26 December 2011

Mumbai Roller Coaster by Rajorshi Chakraborti

Love, education, and saving the world
Mumbai is different things to different people. As I read this book I didn’t really get the sense of the Mumbai I know, which is, in essence, about staying afloat and doing your own thing in the midst of, and despite, overwhelming crowds of others doing their own thing. It was more the kind of Mumbai experienced by people who live in hygienic, isolated homes and spend time mostly with others from similar spaces, interacting with the city primarily through the safely-closed windows of their air-conditioned cars. A very small minority. But it’s this minority that Rahul and Zeenat belong to – and very likely to which readers of this book will also belong.

I liked the fast-paced action in Mumbai Roller Coaster. It starts with a dead body – slowly dripping blood on our hero. Capture and escape follow, a number of times, in quick succession. The plot has intriguing twists and at one point I wondered whether this was science fiction. It wasn’t. Mumbai Roller Coaster is about bourgeois kids and is a fun book that might get bourgeois kids to understand the dangers of a world ruled by giant corporations with brainwashing strategies of the nature of:
Thus in a topsy-turvy world, those who wish to pursue the path of common sense must sometimes resort to such drastic underground measures.
Rahul and Zeenat are at different schools and carry on their romance in an abandoned construction at Khar. Like other parents of kids like them, Zeenat’s
were very strict with her. They had warned her numerous times that her ‘career’ should be the only priority in her life right now, with all the exams and other challenges coming up over the next few yeas, and lost no opportunity to remind her of the sacrifices they were making to be able to afford her various private tuitions, as well as her violin, modern dance, and tennis lesson, so that she would be as well-rounded a candidate as possible for one of the insanely competitive full scholarships she’d be applying for the following year at several top American colleges.
I liked Zeenat’s dad – he watches Simpson’s reruns and honestly does not know which channel MTV is on. But I did worry a little about whether he (and Zeenat’s energetic Ammi) would be ok with a book where the characters are quite so free with the use of f**ker, ch**t, and, er, ‘dickhead’.

One of the things that worried me about this book is the strong class divide.
When they get off to change buses, the stop is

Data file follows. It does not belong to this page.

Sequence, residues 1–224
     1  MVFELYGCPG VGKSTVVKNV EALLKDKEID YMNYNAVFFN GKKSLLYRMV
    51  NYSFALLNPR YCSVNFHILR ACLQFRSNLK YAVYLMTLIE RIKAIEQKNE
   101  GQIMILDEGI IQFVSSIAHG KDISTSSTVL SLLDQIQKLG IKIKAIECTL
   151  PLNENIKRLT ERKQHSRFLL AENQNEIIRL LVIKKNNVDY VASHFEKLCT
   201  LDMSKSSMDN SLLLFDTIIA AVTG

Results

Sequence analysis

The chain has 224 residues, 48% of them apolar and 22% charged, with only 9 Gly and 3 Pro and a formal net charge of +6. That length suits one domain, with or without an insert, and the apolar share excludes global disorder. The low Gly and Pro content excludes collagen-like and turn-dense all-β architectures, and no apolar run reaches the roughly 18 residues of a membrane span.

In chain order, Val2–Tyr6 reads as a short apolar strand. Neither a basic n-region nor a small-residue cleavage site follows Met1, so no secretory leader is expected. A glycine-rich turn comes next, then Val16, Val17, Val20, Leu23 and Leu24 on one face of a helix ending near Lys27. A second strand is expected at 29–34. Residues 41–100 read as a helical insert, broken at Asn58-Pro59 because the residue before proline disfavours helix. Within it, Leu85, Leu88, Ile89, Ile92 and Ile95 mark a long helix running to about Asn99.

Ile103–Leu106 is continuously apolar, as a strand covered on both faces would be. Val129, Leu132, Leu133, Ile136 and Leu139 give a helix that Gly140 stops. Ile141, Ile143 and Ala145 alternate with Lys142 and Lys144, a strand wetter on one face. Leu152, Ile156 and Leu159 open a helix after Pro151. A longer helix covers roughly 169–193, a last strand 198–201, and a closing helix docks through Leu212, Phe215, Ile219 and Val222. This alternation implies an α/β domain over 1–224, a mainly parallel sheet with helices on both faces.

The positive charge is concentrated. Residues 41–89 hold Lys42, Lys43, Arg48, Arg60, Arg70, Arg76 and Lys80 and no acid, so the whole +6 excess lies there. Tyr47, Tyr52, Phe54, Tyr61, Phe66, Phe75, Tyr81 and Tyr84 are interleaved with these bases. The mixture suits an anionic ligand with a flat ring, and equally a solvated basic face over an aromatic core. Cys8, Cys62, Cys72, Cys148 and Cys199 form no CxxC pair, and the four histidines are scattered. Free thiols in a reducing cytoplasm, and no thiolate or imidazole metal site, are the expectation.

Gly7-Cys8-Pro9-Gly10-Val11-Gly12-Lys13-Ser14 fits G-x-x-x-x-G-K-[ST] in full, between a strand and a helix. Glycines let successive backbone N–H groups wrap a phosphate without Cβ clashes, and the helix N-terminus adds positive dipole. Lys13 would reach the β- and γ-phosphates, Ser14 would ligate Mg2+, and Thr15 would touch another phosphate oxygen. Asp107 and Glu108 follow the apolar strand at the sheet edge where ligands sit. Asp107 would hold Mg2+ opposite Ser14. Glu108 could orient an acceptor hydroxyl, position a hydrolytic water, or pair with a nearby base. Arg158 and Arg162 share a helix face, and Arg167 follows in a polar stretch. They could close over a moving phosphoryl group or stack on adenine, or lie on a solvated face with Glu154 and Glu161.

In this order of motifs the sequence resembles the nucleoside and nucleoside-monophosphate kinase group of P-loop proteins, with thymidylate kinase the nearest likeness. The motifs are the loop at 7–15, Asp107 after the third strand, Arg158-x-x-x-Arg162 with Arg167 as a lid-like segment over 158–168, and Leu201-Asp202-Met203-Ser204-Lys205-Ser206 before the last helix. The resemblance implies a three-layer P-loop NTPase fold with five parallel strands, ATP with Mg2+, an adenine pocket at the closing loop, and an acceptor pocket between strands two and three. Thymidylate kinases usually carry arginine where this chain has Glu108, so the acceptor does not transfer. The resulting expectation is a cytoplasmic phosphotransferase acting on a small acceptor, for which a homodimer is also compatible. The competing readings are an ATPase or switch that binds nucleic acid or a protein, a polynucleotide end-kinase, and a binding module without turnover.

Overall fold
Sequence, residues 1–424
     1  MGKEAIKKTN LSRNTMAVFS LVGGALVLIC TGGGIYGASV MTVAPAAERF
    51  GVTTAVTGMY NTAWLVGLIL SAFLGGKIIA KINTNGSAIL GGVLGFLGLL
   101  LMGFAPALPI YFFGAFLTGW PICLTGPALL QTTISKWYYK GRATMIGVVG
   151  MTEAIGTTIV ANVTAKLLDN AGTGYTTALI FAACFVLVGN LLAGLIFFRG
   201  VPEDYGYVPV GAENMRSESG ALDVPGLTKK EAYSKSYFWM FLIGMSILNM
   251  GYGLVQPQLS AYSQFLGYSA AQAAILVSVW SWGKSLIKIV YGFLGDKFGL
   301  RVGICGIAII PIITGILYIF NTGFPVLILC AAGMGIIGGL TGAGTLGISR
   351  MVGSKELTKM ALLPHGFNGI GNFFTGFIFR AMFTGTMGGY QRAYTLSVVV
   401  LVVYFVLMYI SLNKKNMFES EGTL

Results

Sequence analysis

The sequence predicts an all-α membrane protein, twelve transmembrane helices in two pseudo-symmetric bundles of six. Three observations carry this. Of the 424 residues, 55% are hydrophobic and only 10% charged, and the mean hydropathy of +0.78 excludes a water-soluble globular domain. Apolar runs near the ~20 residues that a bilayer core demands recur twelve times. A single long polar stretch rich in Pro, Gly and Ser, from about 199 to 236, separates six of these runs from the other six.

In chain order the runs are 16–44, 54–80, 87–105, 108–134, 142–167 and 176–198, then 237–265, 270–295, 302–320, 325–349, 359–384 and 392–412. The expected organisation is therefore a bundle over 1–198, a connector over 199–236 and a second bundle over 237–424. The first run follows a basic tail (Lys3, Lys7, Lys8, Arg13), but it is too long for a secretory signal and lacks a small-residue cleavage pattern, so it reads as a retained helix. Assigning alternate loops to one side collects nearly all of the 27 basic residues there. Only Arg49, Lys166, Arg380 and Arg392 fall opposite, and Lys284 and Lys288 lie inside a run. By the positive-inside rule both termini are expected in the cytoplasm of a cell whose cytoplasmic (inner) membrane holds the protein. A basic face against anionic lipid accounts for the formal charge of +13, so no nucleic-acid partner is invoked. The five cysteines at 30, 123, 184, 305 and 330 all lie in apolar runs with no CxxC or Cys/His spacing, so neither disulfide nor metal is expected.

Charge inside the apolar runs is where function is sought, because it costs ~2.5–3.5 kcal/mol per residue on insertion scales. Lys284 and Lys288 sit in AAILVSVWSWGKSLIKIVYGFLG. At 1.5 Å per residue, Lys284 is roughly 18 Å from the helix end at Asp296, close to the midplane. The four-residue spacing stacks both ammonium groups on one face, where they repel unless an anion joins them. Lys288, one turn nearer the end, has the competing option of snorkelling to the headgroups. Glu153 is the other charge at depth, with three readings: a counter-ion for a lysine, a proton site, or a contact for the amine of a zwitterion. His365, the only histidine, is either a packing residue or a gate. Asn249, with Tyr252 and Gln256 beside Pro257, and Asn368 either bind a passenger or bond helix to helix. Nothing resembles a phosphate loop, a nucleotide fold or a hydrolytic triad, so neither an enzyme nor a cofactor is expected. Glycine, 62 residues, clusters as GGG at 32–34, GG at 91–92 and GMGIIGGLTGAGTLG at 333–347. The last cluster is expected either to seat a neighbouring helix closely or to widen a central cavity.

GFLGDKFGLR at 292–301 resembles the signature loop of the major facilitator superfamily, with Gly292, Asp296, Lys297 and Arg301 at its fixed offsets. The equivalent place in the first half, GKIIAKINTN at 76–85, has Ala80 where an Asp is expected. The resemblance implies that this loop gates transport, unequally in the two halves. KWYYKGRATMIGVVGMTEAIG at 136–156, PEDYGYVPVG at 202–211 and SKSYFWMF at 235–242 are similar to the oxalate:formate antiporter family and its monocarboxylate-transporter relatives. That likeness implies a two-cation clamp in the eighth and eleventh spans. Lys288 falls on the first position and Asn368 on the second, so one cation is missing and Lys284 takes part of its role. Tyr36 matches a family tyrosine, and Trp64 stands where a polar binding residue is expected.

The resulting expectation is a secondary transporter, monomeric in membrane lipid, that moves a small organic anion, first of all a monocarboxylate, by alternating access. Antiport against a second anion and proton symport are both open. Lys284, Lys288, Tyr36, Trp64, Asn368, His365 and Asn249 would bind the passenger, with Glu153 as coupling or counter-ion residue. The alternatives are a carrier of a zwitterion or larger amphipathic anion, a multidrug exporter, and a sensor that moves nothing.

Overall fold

on a narrow, ill-lit sloping side street, which didn’t look like it was served by any major bus routes. On both sides were gates to large blocks of flats: tall buildings hulked above them, making the now-evening sky appear even further away. No one else had got off here: it was the kind of stop that only the domestic help or drivers who worked in these flats would probably ever use.
I tried to remind myself how prevalent it was in the Victorian novels where only the upper class consisted of real people. But in an India, and especially a Bombay, where education is available to most kids and everyone knows its value, where everyone is up and coming and pretty much equal, I didn’t care for the way Rahul and Zeenat patronise Ganesh, the shadow hero of their book, even though this is very likely the way a real Rahul and Zeenat might. I still don't think an author should endorse it.

One of my favourite bits in this book is when Rahul is riding home victorious and notices, while talking animatedly to his father, that everyone at his end of the compartment was openly eavesdropping and staring. He hangs up, and then his copassengers start chatting with him, demanding to know what was going on. I loved the lies Rahul made up – they were really funny. And I enjoyed the descriptions of the other passengers and the different groups and thought processes they constituted.
But Bombay commuters don’t get into conversations like this. Nobody listens; nobody engages. People get off where they are going without noticing anyone in the compartment.
So I went online to check out Rajorshi Chakraborti and found here that he had lived in Bombay as a child, leaving at age 11 for Calcutta, and that explained a lot.

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